In 1851, after the death of his wife, Taylor traveled to the Middle East. He had his first experience with hashish in Egypt and a second, more powerful one, in Damascus, he described in The Land of the Saracens; or, Pictures of Palestine, Asia Minor, Sicily, and Spain.
Although, at that time, poets were experiencing drugs as a creative, mind-expanding experience, Bayard Taylor focuses on the historical use of hashish and on his own physical feeling: "The spirits of height, color, odor, sound, and motion were my slaves; and, having these, I was master of the universe (...) Though the whole vision was probably not more than five minutes long in passing through my mind, years seem to have elapsed (...) One set of nerves was thrilled with the bliss of the gods, while another was convulsed with unquenchable laughter at that very bliss."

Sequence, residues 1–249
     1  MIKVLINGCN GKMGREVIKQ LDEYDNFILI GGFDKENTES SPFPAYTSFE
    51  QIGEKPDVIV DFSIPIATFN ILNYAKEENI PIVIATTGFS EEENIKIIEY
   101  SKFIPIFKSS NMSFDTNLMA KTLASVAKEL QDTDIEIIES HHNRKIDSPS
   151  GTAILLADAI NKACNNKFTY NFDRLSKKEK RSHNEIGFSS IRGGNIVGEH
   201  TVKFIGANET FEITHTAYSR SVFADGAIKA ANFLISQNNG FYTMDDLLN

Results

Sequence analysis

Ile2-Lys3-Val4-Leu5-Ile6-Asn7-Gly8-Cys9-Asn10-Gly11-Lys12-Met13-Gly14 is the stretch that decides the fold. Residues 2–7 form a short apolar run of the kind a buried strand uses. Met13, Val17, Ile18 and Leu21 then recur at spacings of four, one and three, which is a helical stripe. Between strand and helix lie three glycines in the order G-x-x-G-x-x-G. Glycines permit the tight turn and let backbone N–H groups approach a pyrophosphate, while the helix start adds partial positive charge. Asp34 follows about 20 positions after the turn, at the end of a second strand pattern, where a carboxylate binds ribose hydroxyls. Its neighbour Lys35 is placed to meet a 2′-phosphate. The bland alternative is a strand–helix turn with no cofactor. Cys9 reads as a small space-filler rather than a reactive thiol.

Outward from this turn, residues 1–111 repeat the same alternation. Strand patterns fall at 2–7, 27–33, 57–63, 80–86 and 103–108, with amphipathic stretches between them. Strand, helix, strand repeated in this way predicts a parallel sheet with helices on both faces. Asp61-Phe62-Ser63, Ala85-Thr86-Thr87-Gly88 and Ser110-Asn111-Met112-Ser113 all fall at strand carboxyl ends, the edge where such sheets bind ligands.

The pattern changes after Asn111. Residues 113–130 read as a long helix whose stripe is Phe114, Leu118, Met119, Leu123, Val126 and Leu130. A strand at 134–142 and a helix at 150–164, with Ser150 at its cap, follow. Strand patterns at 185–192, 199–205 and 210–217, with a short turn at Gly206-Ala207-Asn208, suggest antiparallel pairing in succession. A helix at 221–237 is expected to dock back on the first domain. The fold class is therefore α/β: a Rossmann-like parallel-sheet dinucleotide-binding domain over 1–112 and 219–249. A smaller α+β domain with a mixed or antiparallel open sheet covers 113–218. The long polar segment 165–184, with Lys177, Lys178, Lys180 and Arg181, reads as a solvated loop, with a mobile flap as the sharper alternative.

Taylor gives advice to the readers willing to experience the drug: "If I have endeavored to forestall, let me beg all who are thereby led to repeat the experiment upon themselves, that they be content to take the portion of hasheesh which is considered sufficient for one man, and not, like me, swallow enough for six". For many American readers, this account was their first introduction to the drug.
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